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On-the-job naps could be pause that refreshes

Taking a nap
At Burlington Northern-Santa Fe, train crews can nap under certain conditions  
March 26, 1998
Web posted at: 7:41 p.m. EST (0041 GMT)

BIRMINGHAM, Alabama (CNN) -- Napping on the job isn't just for Dagwood Bumstead any more. And though Mr. Dithers has always minded, some employers are actually encouraging their employees to nap.

For instance, one year ago, Burlington Northern-Santa Fe, the second largest railroad in the country, instituted a policy allowing sleep-deprived employees to take short naps.

"I think an engineer on a train can operate a lot safer if he's more alert than if he's not quite as alert," says engineer Joe Tucker. "And this nap rule does allow us to take that nap."

While on-the-job napping hasn't exactly taken over in corporate America, a number of firms have similar policies, including a consulting firm in Berkeley, California, and a manufacturing plant in Connecticut. Pilots who fly overseas for Delta Air Lines are also allowed to nap.

Dr. Russell Rosenberg: Drowsy times affect alertness
icon 157 K / 15 sec. AIFF or WAV

Employers are reacting to studies that show sleepiness can interfere with productivity. A new survey from the National Sleep Foundation found that most Americans don't get enough sleep at night, with about one-third so sleepy that it interferes with daily activities.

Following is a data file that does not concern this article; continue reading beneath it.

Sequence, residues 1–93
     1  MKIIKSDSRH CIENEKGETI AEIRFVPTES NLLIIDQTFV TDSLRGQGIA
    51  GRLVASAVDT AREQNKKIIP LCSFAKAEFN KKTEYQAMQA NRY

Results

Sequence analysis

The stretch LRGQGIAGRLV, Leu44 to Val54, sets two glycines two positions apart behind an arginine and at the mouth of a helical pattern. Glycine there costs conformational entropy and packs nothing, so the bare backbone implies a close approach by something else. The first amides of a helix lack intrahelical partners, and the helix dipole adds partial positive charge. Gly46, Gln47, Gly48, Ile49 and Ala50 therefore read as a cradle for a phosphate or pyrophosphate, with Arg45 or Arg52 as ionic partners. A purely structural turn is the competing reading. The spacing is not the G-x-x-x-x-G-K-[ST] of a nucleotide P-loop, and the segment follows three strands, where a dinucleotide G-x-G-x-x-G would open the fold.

"The demands are increasing upon us from work, from home, and we're having less time to actually set aside, not only for our own personal time but for our own physiologic needs, especially sleep," said Dr. Russell Rosenberg of the Northside Hospital Sleep Disorders Center.

According to a recent survey, 64 percent of us get less than eight hours of sleep a night, a third gets less than six  

Repaying that sleep debt by napping on the job does not interfere with productivity, as some might assume.

"Actually, we found just the opposite," said Tommy Gibson of Burlington Northern-Santa Fe. "We found that production has gone up since we implemented the napping policy and that we do have much more alert employees." Scientific studies back up that observation.

However, railroad crews are only allowed to nap for 30 to 40 minutes. Sleeping any longer can make a person groggy.

Rosenberg says that contrary to popular belief, nappers are not slackers. Rather, they are responding to a natural tendency to become drowsy near the middle of the day, when our daytime body temperature dips.

Medical Correspondent Rhonda Rowland contributed to this report.


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